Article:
During our few days at the refugee camps, we were able to meet with a diversity of people including: organizations working in the camps, children, adolescents, women, and men. We had the opportunity to meet with people who had arrived that day, a community who had been in the settlement less than two weeks, and a community who had been in the camps for more than a year.
In our focus groups, we heard about the basic needs that people were in need of, but we also heard a large emphasis on the need for psychosocial support for the individual and community's grief and trauma. This was surprising to me because in many communities that I have worked in where counseling and mental health is a taboo subject and speaking about it takes a lot of care and sensitivity. The South Sudanese and Congolese spoke of their psychological trauma and support needs openly, and I was thrilled to hear their suggestions because many of the suggestions fit right into Playing to Live's structure, which included: community capacity building, trauma informed skills training, the use of cultural art and play, and building skills within the family.
Sitting idol was indicated as one of the major social issues within the villages. The villages sit far away from each other and are very isolated. Economic opportunities and access to secondary schools are extremely limited, which leaves time for youth to engage in risky behavior, young girls are susceptible to early marriage, and there is ample time to think about trauma and loss.
The youth spoke to us about their want for the opportunity to use art supplies, put on drama plays, and practice their cultural arts. They spoke about their wishes to use these mediums as a way to advocate to their community their child rights and tell their story.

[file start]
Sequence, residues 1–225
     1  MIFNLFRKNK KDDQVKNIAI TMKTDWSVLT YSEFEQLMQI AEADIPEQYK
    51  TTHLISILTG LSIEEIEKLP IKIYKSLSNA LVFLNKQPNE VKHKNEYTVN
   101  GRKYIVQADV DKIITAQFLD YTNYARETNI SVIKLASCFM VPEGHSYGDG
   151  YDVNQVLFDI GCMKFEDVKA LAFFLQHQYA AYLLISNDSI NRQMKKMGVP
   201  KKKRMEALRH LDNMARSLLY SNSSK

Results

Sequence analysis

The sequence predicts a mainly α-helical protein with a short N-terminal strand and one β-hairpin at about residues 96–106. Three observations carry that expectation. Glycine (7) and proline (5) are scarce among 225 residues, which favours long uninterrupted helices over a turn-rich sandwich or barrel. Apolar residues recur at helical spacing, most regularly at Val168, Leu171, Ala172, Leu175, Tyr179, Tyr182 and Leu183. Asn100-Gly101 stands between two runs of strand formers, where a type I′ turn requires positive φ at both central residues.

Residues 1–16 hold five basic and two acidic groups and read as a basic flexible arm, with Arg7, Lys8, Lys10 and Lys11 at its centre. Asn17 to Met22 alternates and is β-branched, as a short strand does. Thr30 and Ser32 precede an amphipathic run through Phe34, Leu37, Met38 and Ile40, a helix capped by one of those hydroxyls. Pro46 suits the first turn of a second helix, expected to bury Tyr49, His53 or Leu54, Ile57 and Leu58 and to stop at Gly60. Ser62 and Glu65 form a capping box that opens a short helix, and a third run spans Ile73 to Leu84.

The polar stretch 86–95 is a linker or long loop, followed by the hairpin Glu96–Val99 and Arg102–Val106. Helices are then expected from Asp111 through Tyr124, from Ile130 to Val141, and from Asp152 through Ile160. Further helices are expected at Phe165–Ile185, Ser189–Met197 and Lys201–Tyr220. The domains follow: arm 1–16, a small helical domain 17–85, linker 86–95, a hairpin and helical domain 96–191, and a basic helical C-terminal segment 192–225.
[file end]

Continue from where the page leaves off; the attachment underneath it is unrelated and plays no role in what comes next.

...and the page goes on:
I filled a whole notebook of notes during our visit, and I will continue to upload blog posts as I leaf through my field notes and work with my team on next steps.
(Image above: Our translator knew over 5 languages and spent a significant time with us during our focus groups. We spoke after the groups, and she emphasized the need for psychosocial support specifically one that is culturally appropriate.)
Oeindrila and I spent our first few days in Uganda meeting with a diversity of international and local organizations, who are working in the refugee camps. We learned about the structure of the refugee camps within Uganda, which is very unique and is contrast to what we are experiencing in the Western world.
When the refugees are received within the camp, they are processed and given a plot of land within the "settlement," a year of food assistance, materials to build a home, and other essential needs. Once given refugee status, the refugee is free to move within Uganda and apply for work, receive education, and live where they choose.
Since July there has been an influx of South Sudanese refugees due to an increase of fighting. According the the UNHCR, over 37,000 people have sought asylum since the beginning of the year. The organizations we spoke to highlighted the need for psychosocial support due, to the refugees experiencing high amounts of trauma including abuse, grief, witnessing death of family members, rape, and having their lives and integrity threatened.
Within the camps, our contacts told us, there is a gap of psychosocial care. The organizations told us about the work they have done to provide psychosocial care, which is admirable and impressive, but with all the other needs that need to be filled there is still a large gap. This gap is where we hope to come in.
Welcome to Our Blog!
We will be providing you with stories of the communities we support. The children and their caregivers featured in this blog have provided consent to share their art, pictures and stories.